The Supreme Court hears argument over weather Congress acted constitutionally in 1994 by resoring copyright protection to foreign works that had once been in the public domain. Washington, DC. "The affected works included films by Alfred Hitchcock and Federico Fellini, books by C. S. Lewis and Virginia Woolf, symphonies by Prokofiev and Stravinsky, and paintings by Picasso. Chief Justice John G. Roberts Jr. posed the general question in the case this way: “One day I can perform Shostakovich. Congress does something. The next day I can’t. Doesn’t that present a serious First Amendment problem?” Then the chief justice, a pioneer in the citation of popular music in legal discourse, asked the question slightly differently, invoking Hendrix, the great rock guitarist, to test the limits of the government’s position. 'What about Jimi Hendrix, right? He has a distinctive rendition of the national anthem, and assuming the national anthem is suddenly entitled to copyright protection that it wasn’t before, he can’t do that, right?' The solicitor general, Donald B. Verrilli Jr., making his debut in the post, said there were good reasons to allow Congress to restore copyright protection to works that had entered the public domain, even at some cost to free expression by performers and others. Responding to the chief justice’s hypothetical question, Mr. Verrilli said that 'maybe Jimi Hendrix could claim fair use.' The 1994 law applies, he said, to foreign works that had not been eligible for copyright protection before the United States joined and implemented an international convention. The terms of the newly copyrighted works, he added, expire on the same day they would have had they been copyrighted since their creation. Justice Sonia Sotomayor said there was nothing unusual in granting copyright protection to works that had once been in the public domain. In 1790, she said, Congress 'took a whole body of public works and gave them copyright protection the day they decided to pass the copyright law.' Anthony T. Falzone, representing the challengers to the law, disputed that as a historical matter saying that 'that was the first copyright act, and Congress established a baseline.; Justice Elena Kagan recused herself from the case, presumably because she worked on it as solicitor general. That raised the possibility of a 4-4 tie that would automatically affirm a decision of the federal appeals court in Denver, which had upheld the law. There is reason to think, Mr. Verrilli told the court, that American authors and artists will be treated better abroad because foreign authors and artists have received expanded copyright protection here. Mr. Falzone questioned that. Congress, he said, 'took speech rights of 250 million Americans and turned them into the private property of foreign authors, all on the bare possibility that might put more money in the pocket of some U.S. authors.' Near the end of his argument in the case, Golan v. Holder, No. 10-545, Mr. Falzone returned to the chief justice’s reference to performers like Hendrix. 'There can’t be any doubt, as I think Chief Justice Roberts got at, that the performance has a huge amount of original expression bound up in it,' Mr. Falzone said. 'It’s the reason it’s different to see King Lear at the Royal Shakespeare Company; it’s the reason it’s different when John Coltrane plays a jazz standard'" [Adam Liptak, The New York Times, 10/5/11].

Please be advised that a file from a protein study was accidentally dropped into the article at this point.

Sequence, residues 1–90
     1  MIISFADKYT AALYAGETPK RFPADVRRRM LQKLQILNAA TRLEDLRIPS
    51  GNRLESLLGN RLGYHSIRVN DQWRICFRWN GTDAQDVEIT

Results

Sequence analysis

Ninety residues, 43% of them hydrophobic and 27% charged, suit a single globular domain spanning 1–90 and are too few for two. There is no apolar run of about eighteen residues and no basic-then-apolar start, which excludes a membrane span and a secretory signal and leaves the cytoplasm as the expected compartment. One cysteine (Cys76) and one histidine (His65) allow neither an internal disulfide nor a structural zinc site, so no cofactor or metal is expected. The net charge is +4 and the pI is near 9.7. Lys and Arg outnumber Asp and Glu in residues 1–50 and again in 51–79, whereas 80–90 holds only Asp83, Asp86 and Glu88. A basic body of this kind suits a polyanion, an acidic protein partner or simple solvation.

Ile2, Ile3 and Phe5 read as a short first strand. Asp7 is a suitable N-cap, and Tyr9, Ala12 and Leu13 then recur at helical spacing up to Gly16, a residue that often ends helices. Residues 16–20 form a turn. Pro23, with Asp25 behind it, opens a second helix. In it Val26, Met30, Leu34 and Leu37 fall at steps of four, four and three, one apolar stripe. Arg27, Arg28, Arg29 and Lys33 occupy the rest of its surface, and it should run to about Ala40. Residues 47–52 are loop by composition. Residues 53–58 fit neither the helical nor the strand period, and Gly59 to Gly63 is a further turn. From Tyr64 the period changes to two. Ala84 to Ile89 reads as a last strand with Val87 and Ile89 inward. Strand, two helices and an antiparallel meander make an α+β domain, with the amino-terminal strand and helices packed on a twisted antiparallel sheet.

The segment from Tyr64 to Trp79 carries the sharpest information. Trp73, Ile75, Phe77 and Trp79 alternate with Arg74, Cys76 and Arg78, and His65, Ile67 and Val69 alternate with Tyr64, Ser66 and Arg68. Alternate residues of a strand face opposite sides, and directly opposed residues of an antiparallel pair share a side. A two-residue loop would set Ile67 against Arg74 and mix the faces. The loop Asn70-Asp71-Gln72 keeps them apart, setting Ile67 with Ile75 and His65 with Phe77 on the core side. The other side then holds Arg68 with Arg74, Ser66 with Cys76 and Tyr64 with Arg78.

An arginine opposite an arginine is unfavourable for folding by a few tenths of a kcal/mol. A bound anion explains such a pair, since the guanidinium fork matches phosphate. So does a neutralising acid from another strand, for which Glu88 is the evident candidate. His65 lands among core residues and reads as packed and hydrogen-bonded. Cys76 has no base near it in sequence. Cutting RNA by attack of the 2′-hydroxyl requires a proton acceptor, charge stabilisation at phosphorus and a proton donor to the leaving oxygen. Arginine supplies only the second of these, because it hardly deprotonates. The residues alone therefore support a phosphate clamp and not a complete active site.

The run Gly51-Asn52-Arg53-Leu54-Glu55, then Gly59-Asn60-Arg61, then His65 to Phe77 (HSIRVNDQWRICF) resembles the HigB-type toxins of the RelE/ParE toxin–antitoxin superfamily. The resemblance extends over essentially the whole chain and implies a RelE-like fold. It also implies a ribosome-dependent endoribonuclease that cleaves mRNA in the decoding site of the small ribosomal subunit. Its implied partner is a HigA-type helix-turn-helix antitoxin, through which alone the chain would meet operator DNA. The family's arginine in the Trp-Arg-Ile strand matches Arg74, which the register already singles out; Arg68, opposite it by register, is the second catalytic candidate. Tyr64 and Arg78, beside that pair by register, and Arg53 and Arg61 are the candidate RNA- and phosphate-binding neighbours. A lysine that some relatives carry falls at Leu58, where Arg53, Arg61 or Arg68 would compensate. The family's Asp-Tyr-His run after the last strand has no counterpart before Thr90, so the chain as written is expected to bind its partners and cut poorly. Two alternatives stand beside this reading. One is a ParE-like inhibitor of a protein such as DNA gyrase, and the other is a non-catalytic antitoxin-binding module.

Anthony Braxton Festival. Roulette, New York, NY. "Braxton, 66, has been a force in the American avant-garde since the 1960s, when he emerged in his native Chicago as a member of the Association for the Advancement of Creative Musicians. Within the first decade of his arrival, he was being toasted in some circles as 'the new messiah, the new Charlie Parker-John Coltrane-Ornette Coleman,' as Whitney Balliett put it in The New Yorker. As a composer, conceptualist and saxophonist, Mr. Braxton exemplified the steep intellectualization of one wing of jazz’s avant-garde; his compositions often included notation in the form of pictographs and algebraic formulas, and he wrote pieces not only for jazz ensembles but also for classical orchestras (in one memorable instance, for four of them at once). One piece from 1971, Composition 19 (For 100 Tubas), finally had its premiere five years ago as a rumbling overture to that year’s Bang on a Can Marathon in Lower Manhattan. 'I wanted to have an experience like my role models,' Mr. Braxton said after the rehearsal, at a nearby pub. 'Karlheinz Stockhausen, Charlie Mingus, Iannis Xenakis, Sun Ra, Hildegard von Bingen. The people who were thinking large scale and small scale. I might not have been able to get the money to do what I would have liked to do. But you can still compose it and have the hope that maybe in the future it can be realized.' Mr. Braxton has often suggested that his sprawling output -- and the equally irreducible theoretical discourse surrounding it -- should be understood as a single body of work. To that end, his music has become a bit more accessible recently, thanks to a spate of archival releases. But that hasn’t made things easier for Mr. Braxton. 'This is a somewhat frustrating time cycle for me, in the sense that I rarely work anymore,' he said. 'My work has been marginalized as far as the jazz-business complex is concerned, or the contemporary-music complex.' Were it not for his tenured post at Wesleyan, where he has taught for more than 20 years, 'maybe I would be driving a taxicab or something,' he said. The Tri-Centric Foundation -- formed in 1994, and revived last year after a decade of inactivity -- has been another bulwark against that fate. It relies on the efforts of former Braxton protégés like Mr. Bynum, the vocalist Kyoko Kitamura and the multi-instrumentalist Matthew Welch, who will all participate in the festival" [Nate Chinen, The New York Times, 10/4/11].